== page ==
Walking home from school one day, I saw the sign posted prominently on the door of a saloon called “The Palace.” It read: NO MINORS ALLOWED!
I remember feeling a sense of outrage. Why, I wondered, would hard-working guys—who daily risk their lives deep below the earth—be so singularly ostracized? Shouldn’t the person who misspelled miner be the one not allowed?
The fact is signs have always confused me—raising more questions than they answer.
Like STOP for example. Why? Maybe fewer drivers would comply if they had an explanation.
Some signs are just fine. WELCOME for example. Hard to have a problem with that one. Especially a sign that reads: WELCOME MINORS AND MINERS!
Others are placed simply to announce and identify a place:
ENTERING WEST SEATTLE.
LEAVING DES MOINES.
Certainly those warning signs that let you know what’s coming are helpful:
CURVES. SHARP TURN. SUDDEN PLUMMET.
But many signs are noteworthy for other reasons—from where they are placed, to their spelling, to their content. Keep an eye out and you’ll start seeing them everywhere:
NEW AND USED ANTIQUES.
FIRST CHOICE ELECTRICAL. CALL US NEXT TIME.
WILLOUGHBY’S DRY CLEANERS. DROP YOU PANTS HERE.
VIDEO ONLY: MORE THAN JUST VIDEO.
Here’s a sign you sometimes see at crossings with a yellow light: STOP WHEN FLASHING! It’s hard to make sense of that one. If a guy were flashing, why would he stop? It’d make it just that much easier for the cops to catch him.
When my daughter was young, ordinary road signs would catch her eye. Her comments about them were always insightful. “Why,” She would ask, “Would anyone have to put up a sign like NO SHOULDER DRIVING? It’s way easier to steer with your hands.”
Another questionable one is WRONG WAY. A warning sign—or a street sign like
S.W. ADMIRAL WAY?
And then there’s SLOW CHILDREN. OK, maybe kids aren’t always going to make the honor roll—but does it need to be made public on a road sign?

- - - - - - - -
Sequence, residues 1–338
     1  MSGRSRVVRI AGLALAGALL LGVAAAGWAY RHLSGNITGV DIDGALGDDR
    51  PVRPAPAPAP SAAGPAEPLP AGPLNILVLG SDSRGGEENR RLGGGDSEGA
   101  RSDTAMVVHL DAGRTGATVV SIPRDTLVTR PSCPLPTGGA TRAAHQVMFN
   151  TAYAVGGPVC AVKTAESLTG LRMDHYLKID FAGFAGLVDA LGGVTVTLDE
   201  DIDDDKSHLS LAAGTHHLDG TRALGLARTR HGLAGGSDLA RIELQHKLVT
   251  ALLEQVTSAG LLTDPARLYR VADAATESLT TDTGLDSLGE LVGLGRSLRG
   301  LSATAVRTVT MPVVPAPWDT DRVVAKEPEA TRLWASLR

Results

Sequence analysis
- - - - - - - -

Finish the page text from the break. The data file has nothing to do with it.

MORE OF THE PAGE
When my daughter was learning basic math, she was intrigued by the greater-and-lesser than symbols (>>>) or (<<<). So when we would come to a curve in the road—rimmed with a series of signs indicating those same symbols (>>>) or (<<<)—she would logically state, “The people that live on that side of the road are greater (or lesser) than the people who live on the other side. Perhaps that’s correct. Who knows?
Whenever my wife is parking downtown in an underground lot, she always looks for the words LOW CLEARANCE OVERHEAD—figuring there’s a sale going on.
In Bend, Oregon—where I grew up—there’s a sign as you approach town: BEND AHEAD. Or is that BEND A HEAD? Why?
And there’s another small town farther down the road called “Burns.” You know will be going in the right direction when you see the sign reading: BURNS LEFT LANE. But who would volunteer for that? Better bring the ointment.
There’s also a town in Oregon named “Boring.” It doesn’t help that there’s a sign leading there that reads: BORING TWO MILES. Must be true. I nearly fell asleep at the wheel last time.
And farther south along Highway 26, near Mt. Hood, lays a small hamlet named “Zig Zag.” The road sign—ZIG ZAG TWO MILES—has resulted in numerous driver arrests and countless Breathalyzer tests.
Thanks goodness Washington State doesn’t have town names like that.
Humptulips does not count.
Meanwhile, even now as a grown young woman, my daughter still keeps an eye out.
Her latest? END CONSTRUCTION. She says, “I must agree. They should be done
with it by now.”